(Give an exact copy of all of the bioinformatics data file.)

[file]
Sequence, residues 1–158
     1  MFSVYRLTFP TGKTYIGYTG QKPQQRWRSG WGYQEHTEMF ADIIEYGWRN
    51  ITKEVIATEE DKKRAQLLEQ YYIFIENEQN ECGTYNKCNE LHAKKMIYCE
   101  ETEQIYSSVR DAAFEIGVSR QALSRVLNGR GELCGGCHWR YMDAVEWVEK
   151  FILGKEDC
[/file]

Sequence, residues 1–158
     1  MFSVYRLTFP TGKTYIGYTG QKPQQRWRSG WGYQEHTEMF ADIIEYGWRN
    51  ITKEVIATEE DKKRAQLLEQ YYIFIENEQN ECGTYNKCNE LHAKKMIYCE
   101  ETEQIYSSVR DAAFEIGVSR QALSRVLNGR GELCGGCHWR YMDAVEWVEK
   151  FILGKEDC